April 2007 Archives
SIMMERING Boro supporters will rightly feel a deep sense of injustice over the Premier League’s two-faced judgement on West Ham.
The decision by league chiefs NOT to dock points from the Hammers after they were caught bang to right using ineligible players and then lied about it is a kick in the teeth for Boro fans.
It has picked off the scab on a wound to the heart that still hurts after a decade.
And in a game awash with cash the idea that the 'right and fair' punishment can be commuted to a heavy fine is tantamount to inviting the rich to bend the rules at will. West Ham changed hands in a £100m buyout earlier this season. A £5.5m fine will be accepted as a reasonable part of the purchase costs if those three points can buy their survival.
"HE''S A CROCK!" That was the instinctive cry of the Chickern Runners as Boro's £7m new boy put pen to paper and set his sights - somewhat optimistically it must be said - on taking his home town club into the Champions League.
But is he a crock? The perception is that Woodgate struggles to get through games, can't play two games a week, needs to be rested before the big ones and that his fitness record has put off the big boys from signing an otherwise excellent player. The facts suggest that he played more games than the injury prone defenders of the Premiership elite.
WOODGATE to put pen to paper. Yesterday's rumours were true. Raul and Beckham were seen in the Tontine with Keith Lamb. A Real Madrid delegation has visited the Riverside this week to tie up the loose ends and a confirmation is imminent.
Details to follow.
Is that half of Southgate's transfer warchest spent?
Will he be made captain?
Will it nudge Viduka to sign?
Can he stay focussed and maintain his form?
Has he downsized his own ambitions?
Will it influence other players to sign?
And is the news being leaked now to bury the news that season ticket prices are being frozen? Because they are...
HAS A BORO player ever made the PFA team of the year? Has one even come close to breaking into the big club magic circle? Has one even deserved to? Ever?
The annual glamour boys' mutual back-slapping beano produced a list of the usual suspects that was predictable and flawed with an unscientific bias towards using the league table as a guide. Like giving the Manager of the Year award to the boss who starts with best players and the most money and merely meets his objectives rather than to a Sam Allardyce or Steve Coppell figure who have done more to earn it by far exceeding expectations despite financial limitations and starting from a lower base, it is all deeply unsatisfying and suggests that whatever the merits of the case, employees of provincial and middling clubs need not apply.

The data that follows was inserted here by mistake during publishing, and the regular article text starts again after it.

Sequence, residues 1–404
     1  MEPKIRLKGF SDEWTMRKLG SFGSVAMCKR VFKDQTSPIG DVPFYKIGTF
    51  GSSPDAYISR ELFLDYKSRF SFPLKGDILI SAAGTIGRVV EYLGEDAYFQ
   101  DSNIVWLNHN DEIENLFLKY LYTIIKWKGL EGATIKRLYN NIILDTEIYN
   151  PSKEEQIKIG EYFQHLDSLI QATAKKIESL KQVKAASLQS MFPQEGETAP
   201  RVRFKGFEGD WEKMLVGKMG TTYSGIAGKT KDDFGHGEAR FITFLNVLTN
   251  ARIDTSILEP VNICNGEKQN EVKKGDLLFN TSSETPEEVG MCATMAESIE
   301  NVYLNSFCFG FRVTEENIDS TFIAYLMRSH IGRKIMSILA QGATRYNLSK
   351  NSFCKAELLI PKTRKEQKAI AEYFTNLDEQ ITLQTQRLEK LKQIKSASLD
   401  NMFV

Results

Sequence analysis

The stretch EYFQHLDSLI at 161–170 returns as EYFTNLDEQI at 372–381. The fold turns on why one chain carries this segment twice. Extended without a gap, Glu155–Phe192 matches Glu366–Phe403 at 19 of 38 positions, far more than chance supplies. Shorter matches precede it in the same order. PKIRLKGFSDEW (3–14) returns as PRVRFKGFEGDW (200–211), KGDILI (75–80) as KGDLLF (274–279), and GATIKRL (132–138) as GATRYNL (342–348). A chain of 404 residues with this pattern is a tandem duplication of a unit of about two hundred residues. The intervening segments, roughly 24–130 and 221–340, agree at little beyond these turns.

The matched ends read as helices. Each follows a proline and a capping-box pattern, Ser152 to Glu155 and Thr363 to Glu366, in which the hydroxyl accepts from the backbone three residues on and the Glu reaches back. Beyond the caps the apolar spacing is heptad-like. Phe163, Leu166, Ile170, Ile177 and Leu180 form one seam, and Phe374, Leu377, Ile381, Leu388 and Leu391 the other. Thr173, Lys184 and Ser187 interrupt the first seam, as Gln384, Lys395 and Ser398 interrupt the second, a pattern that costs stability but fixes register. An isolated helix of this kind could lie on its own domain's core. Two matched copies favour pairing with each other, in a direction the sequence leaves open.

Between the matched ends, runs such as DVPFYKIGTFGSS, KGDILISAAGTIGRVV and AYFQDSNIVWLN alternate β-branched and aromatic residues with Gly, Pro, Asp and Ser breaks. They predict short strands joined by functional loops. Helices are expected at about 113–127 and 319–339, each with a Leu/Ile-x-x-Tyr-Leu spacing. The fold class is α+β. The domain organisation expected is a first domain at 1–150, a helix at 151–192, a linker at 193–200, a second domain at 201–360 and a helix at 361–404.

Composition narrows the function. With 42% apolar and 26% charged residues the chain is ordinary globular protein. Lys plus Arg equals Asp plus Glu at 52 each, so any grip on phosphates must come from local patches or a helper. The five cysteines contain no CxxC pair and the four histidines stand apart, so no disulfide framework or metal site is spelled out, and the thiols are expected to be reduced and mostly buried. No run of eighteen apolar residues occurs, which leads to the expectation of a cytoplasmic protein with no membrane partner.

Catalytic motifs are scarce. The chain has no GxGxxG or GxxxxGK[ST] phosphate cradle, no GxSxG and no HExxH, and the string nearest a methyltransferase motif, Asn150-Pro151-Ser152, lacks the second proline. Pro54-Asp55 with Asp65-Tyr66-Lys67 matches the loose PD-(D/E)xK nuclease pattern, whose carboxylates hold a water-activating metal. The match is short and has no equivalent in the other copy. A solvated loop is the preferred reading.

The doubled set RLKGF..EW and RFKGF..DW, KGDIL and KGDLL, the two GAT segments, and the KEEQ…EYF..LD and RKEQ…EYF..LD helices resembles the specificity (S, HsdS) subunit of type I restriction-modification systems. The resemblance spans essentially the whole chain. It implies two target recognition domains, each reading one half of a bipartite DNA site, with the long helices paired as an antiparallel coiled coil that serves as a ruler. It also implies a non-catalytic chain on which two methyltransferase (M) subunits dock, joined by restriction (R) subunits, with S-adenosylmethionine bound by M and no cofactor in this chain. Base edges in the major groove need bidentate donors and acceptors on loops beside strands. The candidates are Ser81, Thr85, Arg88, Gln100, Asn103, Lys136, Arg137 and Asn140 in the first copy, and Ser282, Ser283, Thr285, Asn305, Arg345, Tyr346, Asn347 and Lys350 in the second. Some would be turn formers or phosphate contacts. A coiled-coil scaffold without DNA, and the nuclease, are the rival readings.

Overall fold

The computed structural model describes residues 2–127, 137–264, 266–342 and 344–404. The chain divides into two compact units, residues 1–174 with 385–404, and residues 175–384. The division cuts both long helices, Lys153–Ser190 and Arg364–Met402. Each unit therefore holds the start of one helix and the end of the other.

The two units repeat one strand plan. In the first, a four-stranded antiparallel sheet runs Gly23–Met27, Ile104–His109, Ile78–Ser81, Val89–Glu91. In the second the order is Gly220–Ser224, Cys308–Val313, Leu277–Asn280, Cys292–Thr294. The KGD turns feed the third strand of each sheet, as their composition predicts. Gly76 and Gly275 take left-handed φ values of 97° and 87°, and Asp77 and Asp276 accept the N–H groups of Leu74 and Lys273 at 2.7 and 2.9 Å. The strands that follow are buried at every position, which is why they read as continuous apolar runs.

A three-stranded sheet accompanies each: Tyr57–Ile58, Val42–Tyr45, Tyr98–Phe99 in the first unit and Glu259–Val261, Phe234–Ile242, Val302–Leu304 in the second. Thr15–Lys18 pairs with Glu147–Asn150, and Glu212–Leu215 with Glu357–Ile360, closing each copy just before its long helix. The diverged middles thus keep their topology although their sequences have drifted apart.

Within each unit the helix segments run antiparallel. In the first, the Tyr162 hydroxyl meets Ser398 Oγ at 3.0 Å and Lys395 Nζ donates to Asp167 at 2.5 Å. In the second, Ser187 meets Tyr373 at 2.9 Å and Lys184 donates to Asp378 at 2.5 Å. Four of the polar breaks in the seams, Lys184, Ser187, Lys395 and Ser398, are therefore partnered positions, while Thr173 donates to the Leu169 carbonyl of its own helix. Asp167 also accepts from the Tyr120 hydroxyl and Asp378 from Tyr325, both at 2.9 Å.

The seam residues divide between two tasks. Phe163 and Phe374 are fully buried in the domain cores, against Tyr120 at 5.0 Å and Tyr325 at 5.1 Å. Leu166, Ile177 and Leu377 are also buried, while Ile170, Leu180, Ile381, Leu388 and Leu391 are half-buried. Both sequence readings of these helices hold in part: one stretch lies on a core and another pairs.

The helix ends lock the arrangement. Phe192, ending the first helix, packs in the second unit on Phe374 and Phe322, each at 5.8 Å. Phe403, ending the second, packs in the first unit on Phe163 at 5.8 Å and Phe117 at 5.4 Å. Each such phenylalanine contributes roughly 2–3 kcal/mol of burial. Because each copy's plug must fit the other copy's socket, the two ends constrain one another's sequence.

Must we accept then that as Boro have never threatened to land the top four spot needed to even register in the game's consciousness, that the club have never had a player worthy of a place in the elite XI? Surely that can't be right?
JULIO Arca voted for Ronaldo in the PFA player of the year ballot. He said so in the Manchester United programme, even though he admitted that some of his Boro team-mates were "not happy" at the Portuguese prima donna with the spring loaded spine.
Ronaldo was a shoe-in for the players' gong because, despite his RADA acrobatics leaving furious fans feeling cheated in his wake, he has been head and shoulders above the rest. Technically he is brilliant. He skills are sublime. He devastates opposition defences with his mercurial trickery but he is not just a fancy Dan: he is athletic, effective, astute and has a fierce will to win. Those are the qualities that the players have voted for in droves, even those who have left the pitch fuming at his penalty box theatrics because - and here's the rub - professional footballers see wha the does as not cheating but 'gamesmanship'.
Unlike fans, the players are not morally outraged by Ronaldo's ability to win free-kicks in the most dubious of circumstances in the way supporters are. In fact, they see it as a skill that is central to the armoury of the professional. In essence ALL players cheat.
CAN BORO ever make the Great Leap Forward into the top six? Or will the weight of history, the resources at their disposal and the limitations of the potential crowd forever condemn them to bang their heads against the glass ceiling that prevents provincial upstarts from getting to the game's top table? Worse still, will the force of football gravity pull them back into the abyss?